Skellige’s failure has many sources, but possibly the greatest one is that Geralt has very different concerns about Yennefer and Ciri. Geralt believes that Ciri could be in danger and need him to help her. With Yennefer it is decidedly not a question of whether she needs him but whether she wants him. Because the game needs to move forward it can’t deal with these topics on the level of vague unease anymore; it has to deal in specifics. Unfortunately, these specific ideas don’t have a lot to say to each other and so the coherence of the earlier areas is never going to show up here.

The Skellige Isles

The one advantage that the game has, at least on the initial pass through Skellige, is that Ciri is still absent and so it can still sublimate Geralt’s worries into external projections. This is one area where Skellige delivers, because the quests in this region have a sharp focus on tensions between the older and younger generation and the efforts of the old to save the young. In the region’s major sidequest chain, Crach an Craite recruits Geralt to help his children survive quests they’ve taken on in order to establish their worthiness to be king (or queen). Extensive as these quests are, Crach’s kids are just the start. Geralt finds himself drawn into quests to save lost children, to help sick children, and has to deal with a man whose children he killed. In Fayrlund he must choose sides between the village elders and the young upstarts. After finding himself in a tight spot, he has to help Madman Lugos’ son face his deepest fears. Again and again throughout the isles Geralt has to help the young, even if they don’t particularly desire his assistance.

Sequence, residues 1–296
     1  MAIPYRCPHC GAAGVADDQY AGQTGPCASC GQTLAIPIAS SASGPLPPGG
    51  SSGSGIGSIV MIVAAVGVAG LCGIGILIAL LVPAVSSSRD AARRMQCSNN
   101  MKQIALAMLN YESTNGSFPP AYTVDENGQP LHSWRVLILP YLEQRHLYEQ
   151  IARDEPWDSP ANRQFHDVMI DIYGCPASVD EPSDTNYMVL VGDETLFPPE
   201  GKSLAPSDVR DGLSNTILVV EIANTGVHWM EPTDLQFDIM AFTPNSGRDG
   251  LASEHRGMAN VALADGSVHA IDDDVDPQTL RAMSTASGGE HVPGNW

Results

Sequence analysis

The weakness here is that the game doesn’t do anything particularly effective with this feeling in its portion of the main quest. Those missions are instead tied up, as a practical matter, with Geralt’s long-time love Yennefer. Unfortunately, The Wild Hunt doesn’t do a great job of dealing with this relationship, in large part because it doesn’t take enough time with anything. One sign of this is that Geralt and Yen go from strained greetings in the port of Kaer Trolde to awkward sex on a stuffed unicorn in about fifteen minutes. That kind of sudden surge of passion is not out of character for their relationship historically, but in a medium and series where the sex scene has for a very long time been viewed as the successful endpoint of a relationship it obscures the amount of work that the pair have yet to put in on their relationship.